Servers and storage are a primary focus for one hospital’s support upgrades.
The opioid crisis is proving to be an uphill battle for states and health organizations alike. Connecting addicts to care is one of the most effective ways to quell the epidemic, and with many showing up in the justice system, connecting state and public health data, while not easy, can prove enormously effective.
Johnson County (Kan.) Mental Health Center Director Tim DeWeese said that the county was able to bridge some of the gap between mental health and the public safety system by simply knowing the power of their data.
He told attendees of the National Association of Counties 2017 conference earlier this week that his department has used Big Data and analytics to rejigger its mental health and public safety coordination and save the county thousands in expenses and man-hours.
The county used data to fuel the adoption of a mental health co-responder program, in which a licensed mental health professional accompanies police officers on calls. By doing so, the county has “avoided 45 arrests, which saved the jail roughly $100,000. We had 65 emergency room visits avoided, which saved the hospital system about $150,000. And then we saved $200,000 just in officer hours, not needing [the officer] to be in the hospital, ER or those kinds of things,” DeWeese said during a session titled “Connecting County Health and Justice Systems: Treating the ‘Whole Person’.”
He noted that these savings occurred in a single year of the program, during which mental health professionals embedded in police departments had contact with 1,281 people alongside the officers.
Johnson County isn’t alone in taking on these efforts. The county is part of a program known as the Stepping Up Initiative, which asks communities to come together to develop an action plan that “can be used to achieve measurable impact in local criminal justice systems of all sizes across the country,” the initiative’s website reads.
An estimated 2 million people with serious mental illnesses (more than 75 percent of whom also have a substance use disorder) are serviced by correctional facilities annually. Moreover, a person with a serious mental illness is 3 to 6 times more likely to be in jail than a member of the general population.
With this in mind, Johnson County set out to tackle the issue through the power of data. The county did so by consolidating its information into two central databases. The first is a database of the county’s entire criminal justice system. “From courts to jail, everything, it’s all within one system so we have access to anything that’s going on with anyone in our criminal justice system within one database,” said DeWeese.
The second database contains the county’s human services information, which includes all information related to behavioral health, correctional probation, public health, etc.
“When you have those two databases and you have the ability to cross-reference them, you can get a lot of information about where those crossovers exist … and to see where those high utilizers of service are in all of your areas, not just the criminal justice system but across the healthcare system within the county,” said DeWeese.
Once a county has gathered and consolidated all the information into these sorts of databases, DeWeese recommended laying the groundwork for change by setting two definitions: what is the jail population and how do you define mental illness.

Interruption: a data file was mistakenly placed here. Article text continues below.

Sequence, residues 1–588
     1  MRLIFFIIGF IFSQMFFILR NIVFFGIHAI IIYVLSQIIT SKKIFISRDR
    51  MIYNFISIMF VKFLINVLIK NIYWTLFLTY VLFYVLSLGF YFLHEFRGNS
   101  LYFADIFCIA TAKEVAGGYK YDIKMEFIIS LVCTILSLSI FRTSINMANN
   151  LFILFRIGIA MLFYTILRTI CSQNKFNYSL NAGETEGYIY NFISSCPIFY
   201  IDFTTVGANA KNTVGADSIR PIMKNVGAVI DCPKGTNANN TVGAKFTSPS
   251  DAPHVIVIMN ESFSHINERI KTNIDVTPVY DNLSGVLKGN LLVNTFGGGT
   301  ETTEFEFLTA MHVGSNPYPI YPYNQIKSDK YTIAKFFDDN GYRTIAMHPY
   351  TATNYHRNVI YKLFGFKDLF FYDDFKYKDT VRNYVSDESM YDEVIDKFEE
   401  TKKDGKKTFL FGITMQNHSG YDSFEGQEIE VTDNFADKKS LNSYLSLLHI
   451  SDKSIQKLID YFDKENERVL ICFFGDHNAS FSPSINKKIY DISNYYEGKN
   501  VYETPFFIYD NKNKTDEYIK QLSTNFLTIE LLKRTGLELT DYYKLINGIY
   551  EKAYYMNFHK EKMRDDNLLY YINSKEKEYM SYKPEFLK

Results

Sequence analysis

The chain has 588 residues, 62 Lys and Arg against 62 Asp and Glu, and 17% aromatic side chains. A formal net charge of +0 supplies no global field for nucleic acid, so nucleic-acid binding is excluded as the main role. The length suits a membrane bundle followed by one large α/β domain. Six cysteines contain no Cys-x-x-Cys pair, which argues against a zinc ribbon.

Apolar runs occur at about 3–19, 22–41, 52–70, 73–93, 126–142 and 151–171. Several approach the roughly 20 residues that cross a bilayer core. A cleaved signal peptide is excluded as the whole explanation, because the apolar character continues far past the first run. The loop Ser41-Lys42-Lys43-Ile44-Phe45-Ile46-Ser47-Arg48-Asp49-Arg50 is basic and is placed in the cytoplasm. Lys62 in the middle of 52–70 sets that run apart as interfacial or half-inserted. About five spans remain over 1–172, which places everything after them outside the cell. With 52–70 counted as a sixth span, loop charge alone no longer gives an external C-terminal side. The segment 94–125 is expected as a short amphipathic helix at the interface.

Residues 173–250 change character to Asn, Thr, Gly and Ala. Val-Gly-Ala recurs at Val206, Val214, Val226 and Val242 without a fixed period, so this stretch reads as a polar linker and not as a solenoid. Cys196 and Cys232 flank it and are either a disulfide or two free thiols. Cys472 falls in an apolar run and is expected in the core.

“First, you have to understand your jail population and understand it from a data perspective: Who’s in your jail? How many of them are on psychotropic medications? How many of them have serious mental illness?” said DeWeese.
He notes, however, that there are different ways to define mental illness across a jail. The key is to agree upon a definition of mental health across the system. “From a mental health perspective, I’m going to have a very different definition than maybe the criminal justice system, and if we’re both still talking different definitions then we’re not going to get very far in coming up with plans because we’re not talking about the same population,” he says.
Once these definitions and databases are established, a county can begin to more effectively manage how it handles those with mental illness within the system.
“What we believe and what we found is that if you have good access to care, meaning that you reach people with a service and you provide good quality service, it can change your cost across your system, not just within the behavioral health system, but within your jail system, your hospital system,” said DeWeese.
The county hopes to continue to drive results. Already, it has partnered with the University of Chicago to leverage all of the county’s data to drive predictive analytics that can redirect people to the most appropriate level of care. The system is slated to go into service by 2018.
Moreover, the county has been mapping its public health and safety system system in order to better identify those within the criminal justice system and to try to close gaps in mental healthcare. After taking initial steps in 2010, the county will remap the system later this year to see how it has performed in closing the gaps. DeWeese noted that the successful mental health co-responder program was one of the initiatives that resulted from that initial mapping.
He encourages counties to continue to look at the data available on the successes and failures of changes in the system in order to make continuous improvements to mental health care.
“It’s important to remember the power of the data that you have, if you have it. And if you don’t, you need to get it,” said DeWeese.